Health officials say a new, affordable vaccine launched this week in Burkina Faso could eliminate recurring meningitis-A epidemics that have plagued the continent for the past century.
Health workers say Meningococcal-A epidemics that hit sub-Saharan Africa every seven to 14 years could soon be a thing of the past, thanks to a new, affordable vaccine launched this week in Burkina Faso.
A baby cries in his mother's arms as he is vaccinated. His mother says she is afraid of meningitis because it kills and that is why she brought her baby here.
Burkina Faso is part of what health workers call Africa's "meningitis belt," a band of 25 countries stretching from Senegal to Ethiopia. Health workers plan to vaccinate 12 million Burkinabe against the disease by the end of the year.
The new vaccine, called MenAfriVac, is the first vaccine developed especially for Africa. It costs less than 50 cents a dose and provides 10 years of immunity against a form of meningitis called meningococcal-A, which infects the lining around the brain and spinal cord and can kill or disable its victims. The strain accounts for more than 80 percent of meningitis outbreaks in sub-Saharan Africa.
The vaccine was developed by a partnership between the World Health Organization and international nonprofit, PATH, with the support of the Bill and Melinda Gates Foundation and collaboration from public health officials in affected countries.
Meningitis Vaccine Project leader Michael LaForce said its launch this week marks "the beginning of the end" for meningitis in Burkina Faso, and sub-Saharan Africa.
"Today is a phenomenal day," LaForce said. "Today represents the culmination of ten years worth of work to develop the vaccine. The president of Burkina Faso has unleashed a major vaccination campaign here, and we fully expect to see impact from this vaccine in the next epidemic season which will be next spring."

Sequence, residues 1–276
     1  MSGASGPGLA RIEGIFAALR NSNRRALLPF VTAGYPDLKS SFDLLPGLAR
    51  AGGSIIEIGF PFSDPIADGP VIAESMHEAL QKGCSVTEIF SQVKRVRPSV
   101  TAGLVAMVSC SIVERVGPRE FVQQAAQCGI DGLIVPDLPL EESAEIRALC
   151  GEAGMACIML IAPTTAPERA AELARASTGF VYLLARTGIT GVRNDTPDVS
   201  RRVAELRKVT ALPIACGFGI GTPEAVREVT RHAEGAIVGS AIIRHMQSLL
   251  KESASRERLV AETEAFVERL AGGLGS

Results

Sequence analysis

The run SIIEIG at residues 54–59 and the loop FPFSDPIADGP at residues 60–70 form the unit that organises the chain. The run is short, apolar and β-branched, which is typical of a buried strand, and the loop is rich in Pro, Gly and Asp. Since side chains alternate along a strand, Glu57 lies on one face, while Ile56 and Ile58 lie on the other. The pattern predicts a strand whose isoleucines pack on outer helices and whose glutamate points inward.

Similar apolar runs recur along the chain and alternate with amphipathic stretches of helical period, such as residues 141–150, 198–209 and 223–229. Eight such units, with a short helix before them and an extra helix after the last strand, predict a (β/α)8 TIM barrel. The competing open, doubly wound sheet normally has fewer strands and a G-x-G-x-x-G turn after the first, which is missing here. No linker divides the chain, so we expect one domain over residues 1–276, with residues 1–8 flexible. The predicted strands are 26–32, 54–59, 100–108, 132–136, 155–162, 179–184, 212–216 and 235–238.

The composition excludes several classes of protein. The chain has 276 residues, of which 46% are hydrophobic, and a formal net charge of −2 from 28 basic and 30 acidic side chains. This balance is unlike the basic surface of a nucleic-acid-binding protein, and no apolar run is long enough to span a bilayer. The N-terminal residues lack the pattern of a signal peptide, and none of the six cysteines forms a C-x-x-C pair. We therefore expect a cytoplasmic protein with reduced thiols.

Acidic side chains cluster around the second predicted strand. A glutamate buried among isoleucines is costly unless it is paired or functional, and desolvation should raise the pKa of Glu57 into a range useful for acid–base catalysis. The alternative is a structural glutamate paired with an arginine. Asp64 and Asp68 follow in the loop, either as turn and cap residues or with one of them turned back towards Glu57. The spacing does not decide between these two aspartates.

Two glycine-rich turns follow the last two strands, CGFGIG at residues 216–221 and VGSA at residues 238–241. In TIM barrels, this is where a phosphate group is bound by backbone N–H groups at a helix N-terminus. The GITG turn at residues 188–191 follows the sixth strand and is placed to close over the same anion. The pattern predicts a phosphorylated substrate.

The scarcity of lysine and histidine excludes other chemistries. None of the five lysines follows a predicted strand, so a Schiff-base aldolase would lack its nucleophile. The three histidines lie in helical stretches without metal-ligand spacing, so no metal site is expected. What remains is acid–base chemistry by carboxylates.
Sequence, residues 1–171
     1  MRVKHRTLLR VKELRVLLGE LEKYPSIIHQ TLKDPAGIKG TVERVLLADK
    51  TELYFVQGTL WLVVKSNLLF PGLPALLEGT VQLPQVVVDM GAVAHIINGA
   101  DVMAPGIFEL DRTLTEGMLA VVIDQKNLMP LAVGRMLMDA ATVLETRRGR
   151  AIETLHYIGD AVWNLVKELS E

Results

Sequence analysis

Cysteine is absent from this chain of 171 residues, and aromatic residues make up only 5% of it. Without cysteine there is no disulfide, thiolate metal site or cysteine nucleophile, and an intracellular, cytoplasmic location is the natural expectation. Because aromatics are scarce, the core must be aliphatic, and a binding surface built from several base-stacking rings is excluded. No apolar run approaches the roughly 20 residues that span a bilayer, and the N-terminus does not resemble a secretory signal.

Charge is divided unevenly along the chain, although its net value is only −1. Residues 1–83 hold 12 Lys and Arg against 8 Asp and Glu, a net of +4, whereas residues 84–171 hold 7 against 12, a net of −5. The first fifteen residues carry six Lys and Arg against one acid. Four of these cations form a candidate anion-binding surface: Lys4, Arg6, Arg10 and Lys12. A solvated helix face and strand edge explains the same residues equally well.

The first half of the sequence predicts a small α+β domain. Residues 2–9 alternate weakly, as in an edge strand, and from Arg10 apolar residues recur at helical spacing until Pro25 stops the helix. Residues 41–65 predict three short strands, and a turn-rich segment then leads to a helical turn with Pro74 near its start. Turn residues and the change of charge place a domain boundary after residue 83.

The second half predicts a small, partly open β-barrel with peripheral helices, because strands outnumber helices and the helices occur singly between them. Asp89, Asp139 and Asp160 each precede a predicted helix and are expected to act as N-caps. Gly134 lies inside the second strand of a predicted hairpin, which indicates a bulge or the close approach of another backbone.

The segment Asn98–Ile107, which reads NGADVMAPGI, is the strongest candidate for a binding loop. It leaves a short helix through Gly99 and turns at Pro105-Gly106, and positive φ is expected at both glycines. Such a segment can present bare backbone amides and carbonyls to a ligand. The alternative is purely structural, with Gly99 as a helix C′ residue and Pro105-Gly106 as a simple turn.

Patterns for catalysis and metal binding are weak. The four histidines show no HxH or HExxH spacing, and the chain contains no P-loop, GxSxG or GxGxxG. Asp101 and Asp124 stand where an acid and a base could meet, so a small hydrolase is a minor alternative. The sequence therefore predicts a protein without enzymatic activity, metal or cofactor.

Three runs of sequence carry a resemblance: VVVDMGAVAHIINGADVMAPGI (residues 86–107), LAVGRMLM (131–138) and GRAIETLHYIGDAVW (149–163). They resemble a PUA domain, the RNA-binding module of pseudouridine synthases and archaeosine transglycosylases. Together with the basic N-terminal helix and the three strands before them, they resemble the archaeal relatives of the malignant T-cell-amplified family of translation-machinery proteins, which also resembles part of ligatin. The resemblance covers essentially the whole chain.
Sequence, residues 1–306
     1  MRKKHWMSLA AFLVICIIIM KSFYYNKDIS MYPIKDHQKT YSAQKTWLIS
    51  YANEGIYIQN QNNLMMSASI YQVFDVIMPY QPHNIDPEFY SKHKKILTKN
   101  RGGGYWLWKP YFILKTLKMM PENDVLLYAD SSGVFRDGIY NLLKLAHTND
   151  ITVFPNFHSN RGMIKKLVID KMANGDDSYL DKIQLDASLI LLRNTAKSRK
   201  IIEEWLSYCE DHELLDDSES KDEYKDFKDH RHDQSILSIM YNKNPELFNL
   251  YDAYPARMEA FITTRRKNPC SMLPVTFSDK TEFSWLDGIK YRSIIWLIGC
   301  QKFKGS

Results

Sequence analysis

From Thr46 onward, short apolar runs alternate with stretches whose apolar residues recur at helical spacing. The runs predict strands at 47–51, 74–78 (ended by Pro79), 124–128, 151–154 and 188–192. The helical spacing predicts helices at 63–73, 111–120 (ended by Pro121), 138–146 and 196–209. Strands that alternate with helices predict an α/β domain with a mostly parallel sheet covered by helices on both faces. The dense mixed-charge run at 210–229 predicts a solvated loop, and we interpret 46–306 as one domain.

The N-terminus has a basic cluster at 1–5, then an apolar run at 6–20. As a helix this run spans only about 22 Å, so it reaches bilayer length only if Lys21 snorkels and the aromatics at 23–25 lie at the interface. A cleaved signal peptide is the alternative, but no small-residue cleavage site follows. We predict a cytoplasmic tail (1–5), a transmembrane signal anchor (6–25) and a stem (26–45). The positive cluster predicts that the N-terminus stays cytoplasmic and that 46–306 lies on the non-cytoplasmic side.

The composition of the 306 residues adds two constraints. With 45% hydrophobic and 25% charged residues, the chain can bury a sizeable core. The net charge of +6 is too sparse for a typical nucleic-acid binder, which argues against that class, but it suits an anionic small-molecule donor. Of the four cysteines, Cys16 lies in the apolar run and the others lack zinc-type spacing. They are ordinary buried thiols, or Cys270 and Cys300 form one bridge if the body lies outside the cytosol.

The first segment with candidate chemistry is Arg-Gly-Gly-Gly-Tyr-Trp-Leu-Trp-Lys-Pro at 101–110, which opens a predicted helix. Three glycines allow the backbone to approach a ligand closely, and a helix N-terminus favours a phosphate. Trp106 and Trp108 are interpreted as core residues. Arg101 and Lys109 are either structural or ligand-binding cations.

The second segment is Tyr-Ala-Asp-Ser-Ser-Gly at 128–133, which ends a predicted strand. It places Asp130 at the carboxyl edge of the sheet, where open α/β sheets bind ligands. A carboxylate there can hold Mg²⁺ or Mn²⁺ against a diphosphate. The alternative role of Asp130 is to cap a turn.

Showing his support, Burkinabe President Blaise Compaore and his wife were there Monday when the first vaccinations were administered to children in the capital, Ouagadougou.
Mr. Compaore says meningitis kills men, women and children throughout the region. He says thanks to international partnerships and support, we now have a vaccine that was specifically made to fight this epidemic while also being accessible to the population. He says concern now is how to mobilize more than 300 million people across the region to get vaccinated and put an end to recurring epidemics.
A meningitis outbreak last year killed 5,000 people in sub-Saharan Africa, and the World Health Organization says more 450 million people there are currently at risk of the disease.
WHO Director-General Margaret Chan applauded the vaccine as a one-time investment that could save tens of thousands of lives by 2015.
"Twenty-five countries are affected, so Burkina Faso is taking the leadership to launch this campaign which is extremely important," said Chan. "This is the first step. Two other countries, Mali and Niger, will follow, and we hope to be able to get more resources to support the other 22 countries so that their people can benefit from this very effective and affordable vaccine."
The World Health Organization says an additional $475 million is needed to extend vaccination to all 25 affected countries by 2015.